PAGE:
Coronavirus will change the way we work
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The explosion of the coronavirus around the world has had unprecedented impact on people, businesses and economies. Here’s how we think it will change the way we work:

We will revisit what professions and purposes are valuable:

When an unskilled backpacker could be paid up to $180,000 a year to stand at a construction site holding a stop sign, and our nurses, teachers and police are earning around half that, we have lost sight of what is important. 

The coronavirus pandemic is likely to change the professions and work we value. It is also likely to reset people’s perspectives and aspirations as they realise what they had and question where they were going. 

Businesses who research, prepare for and embrace these changing values and models of thinking will benefit.  


Remote work will boom:

While many tech businesses were already remote-work advocates and using collaborative cloud technology like Google Docs or Office 365, many more were still using offline tools and manual processes.

They must now rush to implement new digital collaborative team solutions to cater for staff confined to their homes. And they are likely to like what they see, appreciating the benefits of flexible remote working. Coronavirus will also hasten existing digital rollouts across entire industries such as in remote healthcare.

And history tells us those workers are unlikely to want to return to “how it used to be”. Just as many women were unwilling to return to being a homemaker after World War 2 – having experienced independence and a greater purpose. And so began their long fight for workplace equality that continues in many workplaces to this day.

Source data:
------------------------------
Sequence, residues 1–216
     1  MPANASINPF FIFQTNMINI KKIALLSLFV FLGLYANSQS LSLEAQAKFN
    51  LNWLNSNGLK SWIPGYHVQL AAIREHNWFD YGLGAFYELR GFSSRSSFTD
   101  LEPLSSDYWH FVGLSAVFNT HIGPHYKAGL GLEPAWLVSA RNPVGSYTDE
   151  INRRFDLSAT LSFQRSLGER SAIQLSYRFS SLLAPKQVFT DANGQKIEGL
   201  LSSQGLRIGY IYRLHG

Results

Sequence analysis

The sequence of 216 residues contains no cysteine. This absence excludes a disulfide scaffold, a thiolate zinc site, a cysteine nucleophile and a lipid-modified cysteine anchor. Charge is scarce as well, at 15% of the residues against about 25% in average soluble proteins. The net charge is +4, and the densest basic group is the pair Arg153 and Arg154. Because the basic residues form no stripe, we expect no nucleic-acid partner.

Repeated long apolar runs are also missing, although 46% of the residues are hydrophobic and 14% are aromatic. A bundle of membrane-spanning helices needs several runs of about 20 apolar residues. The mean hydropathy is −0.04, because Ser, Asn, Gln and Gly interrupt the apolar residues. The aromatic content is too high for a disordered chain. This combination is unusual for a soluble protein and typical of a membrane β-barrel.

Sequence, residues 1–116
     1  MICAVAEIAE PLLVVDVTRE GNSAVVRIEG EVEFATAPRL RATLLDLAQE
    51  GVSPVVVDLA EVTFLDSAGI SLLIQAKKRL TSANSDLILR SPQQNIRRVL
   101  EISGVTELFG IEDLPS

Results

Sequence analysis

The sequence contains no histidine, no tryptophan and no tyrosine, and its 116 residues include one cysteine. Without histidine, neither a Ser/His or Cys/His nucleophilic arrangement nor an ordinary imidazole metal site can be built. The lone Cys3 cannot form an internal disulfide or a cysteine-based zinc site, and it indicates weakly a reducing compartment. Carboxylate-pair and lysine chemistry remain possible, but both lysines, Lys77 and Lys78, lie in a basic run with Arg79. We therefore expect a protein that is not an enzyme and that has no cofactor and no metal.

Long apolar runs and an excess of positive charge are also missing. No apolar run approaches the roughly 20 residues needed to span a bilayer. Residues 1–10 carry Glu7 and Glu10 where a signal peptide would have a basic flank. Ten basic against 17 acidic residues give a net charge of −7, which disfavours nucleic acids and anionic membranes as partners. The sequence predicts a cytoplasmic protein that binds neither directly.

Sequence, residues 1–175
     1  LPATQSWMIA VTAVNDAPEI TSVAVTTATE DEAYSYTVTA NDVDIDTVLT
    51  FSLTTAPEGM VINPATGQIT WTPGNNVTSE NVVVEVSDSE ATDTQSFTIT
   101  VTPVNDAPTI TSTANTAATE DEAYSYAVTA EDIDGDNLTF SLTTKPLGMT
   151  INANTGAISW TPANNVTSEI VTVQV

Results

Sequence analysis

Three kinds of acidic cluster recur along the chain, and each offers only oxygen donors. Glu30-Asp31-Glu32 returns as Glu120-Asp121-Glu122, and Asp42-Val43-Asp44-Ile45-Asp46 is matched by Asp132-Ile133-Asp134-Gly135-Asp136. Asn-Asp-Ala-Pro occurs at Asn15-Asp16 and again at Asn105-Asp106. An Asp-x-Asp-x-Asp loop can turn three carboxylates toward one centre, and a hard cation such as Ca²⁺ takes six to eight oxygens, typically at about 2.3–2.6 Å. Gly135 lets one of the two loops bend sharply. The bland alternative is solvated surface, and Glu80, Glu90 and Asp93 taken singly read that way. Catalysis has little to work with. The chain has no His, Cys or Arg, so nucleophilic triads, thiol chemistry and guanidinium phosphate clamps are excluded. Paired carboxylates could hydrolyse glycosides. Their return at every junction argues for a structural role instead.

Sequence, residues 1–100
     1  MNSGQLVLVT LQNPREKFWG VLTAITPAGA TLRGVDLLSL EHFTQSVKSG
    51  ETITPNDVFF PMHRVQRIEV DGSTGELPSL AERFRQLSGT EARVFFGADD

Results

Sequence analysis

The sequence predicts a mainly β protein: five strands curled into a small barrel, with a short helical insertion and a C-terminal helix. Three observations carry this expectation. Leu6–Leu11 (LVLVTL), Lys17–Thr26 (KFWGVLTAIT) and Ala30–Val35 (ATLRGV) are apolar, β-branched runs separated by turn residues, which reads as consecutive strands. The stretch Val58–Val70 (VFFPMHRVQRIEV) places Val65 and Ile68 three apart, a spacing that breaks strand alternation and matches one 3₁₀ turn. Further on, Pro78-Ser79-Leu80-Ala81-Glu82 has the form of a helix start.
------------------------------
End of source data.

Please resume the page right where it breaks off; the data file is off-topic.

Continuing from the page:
However, remote work doesn’t help those working in hospitality, the trades or other industries where face-to-face interaction is essential.


Anti globalisation sentiment will continue to grow:

Anti-globalisation sentiment has been growing across the world, evident in Trump’s election and trade war against China, the Brexit vote or in Italy’s far right movement.  

It is expected that coronavirus will hasten this trend, with the far right already using it as part of their narrative for closed borders. 

However, the tide will turn, and globalisation will not stop, along with all the economic benefits it offers. It’s just that its growth might just be tempered with an increase in locally sourced products and services. 


Australia will reduce its reliance on China

A February 2020 report by Bloomberg cites Australia as “the most China-reliant economy in the developed world”, with them buying around one third of our exports, accounting for 38 per cent of our foreign students and 15 per cent of our tourists.

And it’s not just us. Countries globally have been reducing their manufacturing capacity and relying on China, a strategy that quickly disrupted supply chains during the coronavirus.

While Australia’s relationship with China is likely to remain strong post-coronavirus, we are also likely to see businesses and governments mitigating the risks that have become glaringly obvious. 

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